Loading presentation...

Present Remotely

Send the link below via email or IM


Present to your audience

Start remote presentation

  • Invited audience members will follow you as you navigate and present
  • People invited to a presentation do not need a Prezi account
  • This link expires 10 minutes after you close the presentation
  • A maximum of 30 users can follow your presentation
  • Learn more about this feature in our knowledge base article

Do you really want to delete this prezi?

Neither you, nor the coeditors you shared it with will be able to recover it again.


Properties of Water - Lab

No description

Alaa Mashal

on 16 September 2013

Comments (0)

Please log in to add your comment.

Report abuse

Transcript of Properties of Water - Lab

Submitted By:
Alaa Mashal, Alex Ganea, Gracie Pramono, and Gursimran Virk

Submitted To:
Mr. Westbury

Monday September 16, 2013

Course Code:
SBI4U - 04
The existence of water is essential for life on Earth; it covers up to 70% of the Earth's surface. Water is made up of two elements; hydrogen and oxygen. H2O has unique properties that allow it to be vital for life. Many of its properties include being odourless, tasteless, colourless and having a pH level of 7. Furthermore, water is used in our daily lives as most of our tasks involve using this substance. We use water for drinking, cooking, cleaning and much more. H2O is extremely important in our lives and without it we cannot survive.
Part One: Cohesion
- Quarter - Water
- Eye Dropper - Graduated Cylinder
1. Using a dropper count how many drops it takes to get 1 mL in the graduated cylinder.
2. Record the number of drops from your dropper it takes to produce 1cc of water, and the amount of water per drop.
Answer: It takes 19 drops from the dropper to produce 1mL of water.
19 # of drops = 1cc
1 drop = 0.0526 cc

3. Predict of how many cc's fit on the surface of a quarter.
4. Carefully squeeze droplets of water onto the quarter. Count up until the point of the quarter overflows. Record the number of drops.
Number of drops to fit on a penny: 35 drops
A quarter holds 1.84 cc's of water.
Our prediction was close to the actual result but not the same because we assumed the quarter to be smaller than it actually was. The quarter had a lot of surface tension due to the all the designs and ridges on the "heads" side. The surface tension that was built up caused a lip to form on the top of the quarter. The lip was in a dome shape and all the water kept getting collected due to cohesion. The water molecules at the surface of the quarter crowded together, producing strong layers as they are pulled downward by the attraction of other water molecules beneath them. We did not take the lip into account and that is a major reason why our prediction was a bit off.
6. Put a small dab of detergent on your finger and rub it on the surface of the quarter. How many droplets of water can the quarter hold until it overflows?

Number of drops to fit on a quarter with detergent: 23 drops.
A quarter that has detergent applied to it holds 1.210 cc's of water.
Part Two: Adhesion
- Quarter - Water
- Eye Dropper - Glass Slide
- Wax Paper
After 3 drops . . .
After 19 drops it hit the 1 mL line.
After 20 Drops . . .
Overflows after 35 Drops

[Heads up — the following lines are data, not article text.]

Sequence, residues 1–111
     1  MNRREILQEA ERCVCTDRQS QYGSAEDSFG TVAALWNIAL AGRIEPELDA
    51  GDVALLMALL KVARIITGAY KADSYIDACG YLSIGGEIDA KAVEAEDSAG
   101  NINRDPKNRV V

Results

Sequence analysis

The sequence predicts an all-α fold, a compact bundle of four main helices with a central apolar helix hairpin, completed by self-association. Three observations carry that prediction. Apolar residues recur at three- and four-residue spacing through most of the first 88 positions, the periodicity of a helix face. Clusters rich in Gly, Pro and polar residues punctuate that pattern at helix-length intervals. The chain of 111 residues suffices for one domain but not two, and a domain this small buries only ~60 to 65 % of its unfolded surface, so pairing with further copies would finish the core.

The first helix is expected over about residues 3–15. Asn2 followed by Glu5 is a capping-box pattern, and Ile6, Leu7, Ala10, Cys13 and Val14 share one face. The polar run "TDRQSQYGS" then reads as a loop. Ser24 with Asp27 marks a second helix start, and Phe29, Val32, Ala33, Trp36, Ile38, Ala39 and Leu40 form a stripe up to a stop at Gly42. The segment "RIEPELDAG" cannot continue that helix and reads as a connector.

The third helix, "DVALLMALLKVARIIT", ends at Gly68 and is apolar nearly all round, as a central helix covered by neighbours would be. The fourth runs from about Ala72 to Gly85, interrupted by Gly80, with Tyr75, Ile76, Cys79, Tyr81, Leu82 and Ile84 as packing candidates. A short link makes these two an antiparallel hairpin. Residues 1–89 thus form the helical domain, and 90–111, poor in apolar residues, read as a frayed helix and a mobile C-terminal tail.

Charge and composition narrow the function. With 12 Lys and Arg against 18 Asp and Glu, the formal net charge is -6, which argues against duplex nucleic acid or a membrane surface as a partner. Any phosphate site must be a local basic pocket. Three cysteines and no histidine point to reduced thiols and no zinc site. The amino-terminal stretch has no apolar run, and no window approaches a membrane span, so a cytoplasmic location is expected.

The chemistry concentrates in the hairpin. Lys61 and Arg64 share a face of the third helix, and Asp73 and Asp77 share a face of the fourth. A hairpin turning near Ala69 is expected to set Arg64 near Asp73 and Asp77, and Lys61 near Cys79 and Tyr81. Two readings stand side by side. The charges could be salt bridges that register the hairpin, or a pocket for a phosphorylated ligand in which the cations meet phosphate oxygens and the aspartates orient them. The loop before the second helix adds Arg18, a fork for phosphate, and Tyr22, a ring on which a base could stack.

After 1 Drop . . .
After 10 Drops . . .
After 1 Drop . . .
It overflows after 23 drops.
After 3 Drops . . .
1. Predict the shape of water droplets placed on a quarter, glass slide and wax paper by drawing the droplets.

Rough Sketches . . .
2. Carefully drop an equal number of droplets onto each surface medium and record the results.

Our prediction was that the quarter would hold less water because the detergent would decrease resistance for a lip to form and we were correct. The detergent prevented cohesion between the water molecules. Detergent is hydrophobic so it caused each water molecule to spread apart as the intermolecular forces of water were weakened. This caused less surface tension so the water was not able to form a lip but rather spread over the quarter and overflow.
Results ...

Wax Paper
Glass Slide
Person One
Person Two
Person Three
Person Four
Our predictions were quite accurate to the final results; however we were a bit hesitant about the wax paper. From the first experiment we discovered that the first drop of water on the quarter did not spread much but rather stayed in its place due to cohesion. So, we predicted that the first drop of water would be of medium size. When we conducted the experiment we were correct as the water drops began to form a lip again instead of spreading everywhere. Our prediction for the glass slide was that the water drop would expand as the glass slide has no tension for cohesion to take place. Our prediction was correct because when we conducted the experiment, the water drops began to spread around the entire slide. Our prediction for the wax paper was off by a bit as we thought that the wax paper would hold a large drop of water as it is adhesive. However, this was not the case. When the experiment was conducted, we saw that the water drop covered a small amount of space and formed a ball like shape that would roll off when the paper was tilted. Due to cohesion, the water droplets created a small ball of water, but there is still some adhesive force because some water was still left on the wax paper. There is some sort of attraction between the wax and water but not as strong as water-to-water and that is why the waterball rolls off and some stays behind on the wax paper.